12 Dos and Don’ts to Find Tax Breaks for Seniors

Tax Time

Talk about tax relief—now that the tax filing deadline is moved to July 15, 2020, many of us are exhaling with relief. The Treasury Department and Internal Revenue Service (IRS) announced this change last month to help its citizens at a time of national emergency with COVID-19.

You can use this additional time to make sure you get every tax break available to you. Loads of tax breaks are available to folks 50 and older—and especially age 65 and up. Whether you prepare your own taxes or hire an accountant or tax preparer to do the job for you, here are 7 Dos and 5 Don’ts to keep in mind:

Here are some tax relief “Dos” to keep in mind:

  • Do consider free tax assistance through the Tax Counseling for the Elderly program. IRS-certified volunteers help older taxpayers with basic tax return preparation and electronic filing.
  • Do be careful when you calculate the taxable amount of your Social Security—some amount of your Social Security is not taxable for anyone filing. In addition, those with low income may not have any tax liability on their Social Security.
  • Do consider how the new CORONAVIRUS AID, Relief, and Economic Security Act may offer tax relief:
    • Retirement account owners can take withdrawals for emergency costs related to the pandemic and delay tax consequences for 3 years.
    • Retirees can delay taking required minimum distributions from retirement accounts in 2020.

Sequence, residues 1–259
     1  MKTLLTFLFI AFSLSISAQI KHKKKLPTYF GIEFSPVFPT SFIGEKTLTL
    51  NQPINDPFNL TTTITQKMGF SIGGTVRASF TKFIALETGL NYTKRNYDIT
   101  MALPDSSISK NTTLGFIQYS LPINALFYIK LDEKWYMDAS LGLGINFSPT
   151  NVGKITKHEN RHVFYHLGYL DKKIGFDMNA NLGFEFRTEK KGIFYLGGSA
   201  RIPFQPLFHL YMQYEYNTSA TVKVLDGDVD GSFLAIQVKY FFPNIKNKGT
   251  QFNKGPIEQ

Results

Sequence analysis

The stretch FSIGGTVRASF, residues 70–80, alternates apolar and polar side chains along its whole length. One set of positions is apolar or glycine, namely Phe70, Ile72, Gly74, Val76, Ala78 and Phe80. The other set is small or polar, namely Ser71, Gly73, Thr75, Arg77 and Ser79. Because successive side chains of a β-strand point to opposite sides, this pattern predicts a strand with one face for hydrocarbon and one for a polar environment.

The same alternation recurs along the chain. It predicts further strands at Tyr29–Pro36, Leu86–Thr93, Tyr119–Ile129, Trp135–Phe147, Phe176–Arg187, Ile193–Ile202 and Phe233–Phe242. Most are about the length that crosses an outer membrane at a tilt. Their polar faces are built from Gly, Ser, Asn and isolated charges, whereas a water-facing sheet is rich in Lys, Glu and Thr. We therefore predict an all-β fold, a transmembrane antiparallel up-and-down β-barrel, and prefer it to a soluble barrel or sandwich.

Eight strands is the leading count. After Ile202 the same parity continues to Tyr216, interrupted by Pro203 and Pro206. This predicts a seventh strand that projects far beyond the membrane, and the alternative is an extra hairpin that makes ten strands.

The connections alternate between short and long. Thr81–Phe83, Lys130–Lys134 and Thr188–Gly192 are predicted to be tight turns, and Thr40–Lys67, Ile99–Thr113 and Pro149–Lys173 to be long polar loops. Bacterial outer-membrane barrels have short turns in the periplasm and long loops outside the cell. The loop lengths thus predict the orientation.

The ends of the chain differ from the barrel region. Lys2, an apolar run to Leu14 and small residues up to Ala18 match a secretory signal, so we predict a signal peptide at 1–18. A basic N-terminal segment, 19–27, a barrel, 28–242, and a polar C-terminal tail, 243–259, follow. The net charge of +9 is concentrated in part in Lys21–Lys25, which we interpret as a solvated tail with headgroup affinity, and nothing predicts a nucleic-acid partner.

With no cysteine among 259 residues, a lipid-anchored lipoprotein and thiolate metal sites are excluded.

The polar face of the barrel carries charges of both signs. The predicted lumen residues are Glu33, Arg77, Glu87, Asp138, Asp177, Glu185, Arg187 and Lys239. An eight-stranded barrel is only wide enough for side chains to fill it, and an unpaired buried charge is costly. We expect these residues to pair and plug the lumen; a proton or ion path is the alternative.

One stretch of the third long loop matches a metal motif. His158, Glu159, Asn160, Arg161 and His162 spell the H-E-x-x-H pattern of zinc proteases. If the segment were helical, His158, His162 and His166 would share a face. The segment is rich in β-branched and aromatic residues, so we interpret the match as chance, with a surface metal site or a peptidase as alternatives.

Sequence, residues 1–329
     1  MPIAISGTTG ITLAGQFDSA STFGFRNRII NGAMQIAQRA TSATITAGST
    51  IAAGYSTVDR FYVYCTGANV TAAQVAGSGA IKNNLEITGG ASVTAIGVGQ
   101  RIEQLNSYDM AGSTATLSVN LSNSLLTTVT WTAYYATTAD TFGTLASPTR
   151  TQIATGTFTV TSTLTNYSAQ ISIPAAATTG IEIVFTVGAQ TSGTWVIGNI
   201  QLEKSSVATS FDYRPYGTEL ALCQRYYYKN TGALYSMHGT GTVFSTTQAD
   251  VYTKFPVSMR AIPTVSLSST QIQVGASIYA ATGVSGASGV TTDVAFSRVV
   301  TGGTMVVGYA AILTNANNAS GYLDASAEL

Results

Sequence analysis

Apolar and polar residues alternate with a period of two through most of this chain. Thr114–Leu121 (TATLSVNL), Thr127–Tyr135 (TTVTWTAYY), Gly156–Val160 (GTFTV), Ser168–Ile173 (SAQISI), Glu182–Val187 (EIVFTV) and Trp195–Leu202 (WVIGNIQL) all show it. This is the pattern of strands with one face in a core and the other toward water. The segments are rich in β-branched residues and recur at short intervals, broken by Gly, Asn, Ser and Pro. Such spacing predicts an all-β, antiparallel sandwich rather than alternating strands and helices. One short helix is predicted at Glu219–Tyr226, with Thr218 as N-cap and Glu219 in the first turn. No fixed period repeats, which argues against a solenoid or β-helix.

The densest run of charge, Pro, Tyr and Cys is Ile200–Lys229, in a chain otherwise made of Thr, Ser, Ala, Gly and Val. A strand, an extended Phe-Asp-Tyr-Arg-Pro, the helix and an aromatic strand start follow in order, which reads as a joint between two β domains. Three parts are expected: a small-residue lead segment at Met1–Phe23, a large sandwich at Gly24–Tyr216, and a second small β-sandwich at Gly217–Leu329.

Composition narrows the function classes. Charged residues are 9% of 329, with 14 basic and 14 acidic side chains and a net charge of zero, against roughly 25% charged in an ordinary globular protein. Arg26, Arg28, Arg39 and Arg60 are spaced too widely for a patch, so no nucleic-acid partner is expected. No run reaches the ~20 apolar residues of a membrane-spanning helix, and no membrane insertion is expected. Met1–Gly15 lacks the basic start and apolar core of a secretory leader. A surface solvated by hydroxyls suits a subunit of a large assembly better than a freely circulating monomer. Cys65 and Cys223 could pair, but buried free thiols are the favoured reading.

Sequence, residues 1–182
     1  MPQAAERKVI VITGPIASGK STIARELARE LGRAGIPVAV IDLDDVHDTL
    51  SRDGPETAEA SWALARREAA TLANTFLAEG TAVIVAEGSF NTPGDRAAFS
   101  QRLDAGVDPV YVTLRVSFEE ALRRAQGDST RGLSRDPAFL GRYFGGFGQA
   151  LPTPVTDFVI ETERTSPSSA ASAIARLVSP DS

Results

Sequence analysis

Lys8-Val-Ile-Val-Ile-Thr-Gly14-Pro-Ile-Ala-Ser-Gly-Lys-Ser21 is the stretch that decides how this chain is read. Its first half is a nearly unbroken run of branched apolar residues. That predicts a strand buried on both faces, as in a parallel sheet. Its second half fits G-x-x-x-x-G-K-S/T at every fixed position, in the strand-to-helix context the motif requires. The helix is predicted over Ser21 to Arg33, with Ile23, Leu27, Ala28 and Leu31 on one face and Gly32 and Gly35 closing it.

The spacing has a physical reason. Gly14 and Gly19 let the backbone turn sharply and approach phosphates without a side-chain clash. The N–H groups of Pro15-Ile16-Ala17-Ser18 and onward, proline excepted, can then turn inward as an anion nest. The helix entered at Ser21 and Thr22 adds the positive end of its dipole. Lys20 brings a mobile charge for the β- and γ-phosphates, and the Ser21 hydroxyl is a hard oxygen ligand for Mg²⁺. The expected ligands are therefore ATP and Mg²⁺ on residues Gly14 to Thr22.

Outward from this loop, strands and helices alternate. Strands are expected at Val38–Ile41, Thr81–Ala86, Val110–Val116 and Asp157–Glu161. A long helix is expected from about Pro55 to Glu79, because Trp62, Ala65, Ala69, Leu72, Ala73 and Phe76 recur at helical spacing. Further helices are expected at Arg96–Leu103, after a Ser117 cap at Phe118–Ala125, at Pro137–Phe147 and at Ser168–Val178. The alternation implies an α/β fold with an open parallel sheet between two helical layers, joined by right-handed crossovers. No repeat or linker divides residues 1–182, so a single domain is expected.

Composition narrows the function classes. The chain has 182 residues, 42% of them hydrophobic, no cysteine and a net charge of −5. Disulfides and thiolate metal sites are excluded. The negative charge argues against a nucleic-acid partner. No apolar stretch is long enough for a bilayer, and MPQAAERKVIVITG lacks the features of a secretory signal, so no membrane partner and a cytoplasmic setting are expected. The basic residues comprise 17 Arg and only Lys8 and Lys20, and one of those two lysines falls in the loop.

• 401(k) loan limits increase to 100% of your vested account balance up to $100,000.
    • The 2019 IRA contribution deadline has been extended to July 15, 2020
  • Do consider the Credit for the Elderly or Disabled if you have low income and you or your spouse is 65 or older. This Credit can lower your tax bill. Here are the specifics from the IRS on how to apply for this Credit.
  • Do find out if you’re eligible for a property tax break by checking out this resource that links to every state’s tax agency. Many states offer property tax exemptions to seniors, especially if they don’t have high incomes.
  • Do ask your tax preparer whether you can claim your Medical Alert system as a medical expense on your taxes.
  • Do consider contributing an additional $1,000 to an IRA to save on your tax bill (because of the pandemic, you now have until July 15 to do so). Workers age 50 and older can contribute an additional $1000, or a total of $7,000 in 2020.

Here are some tax relief “Don’ts” to keep in mind:

  • Don’t itemize your deductions if you can claim a higher standard deduction amount. Your standard deduction increases once you and/or your spouse reach age 65 years.
  • Don’t worry about penalties from withdrawing money from an IRA—as long as you’re 59 ½ years old, you can withdraw this money without incurring the 10% penalty. (However, income tax will be due on withdrawals from traditional retirement accounts.)
  • Don’t forget to consider a qualified charitable distribution. You can avoid income tax on withdrawals from traditional retirement accounts if you take some of that money and make a charitable distribution. This rule applies to seniors 70 ½ years and older.
  • Don’t file a tax return for 2019 unless you’ve made more than $27,000—the tax filing threshold for people age 65 and older.
  • Don’t think it’s too late to contribute to your 401(k). You may be eligible for a catch-up contribution. Employees age 50 and older can defer paying income tax on $6,500 more than younger workers by contributing that amount to a 401(k) plan.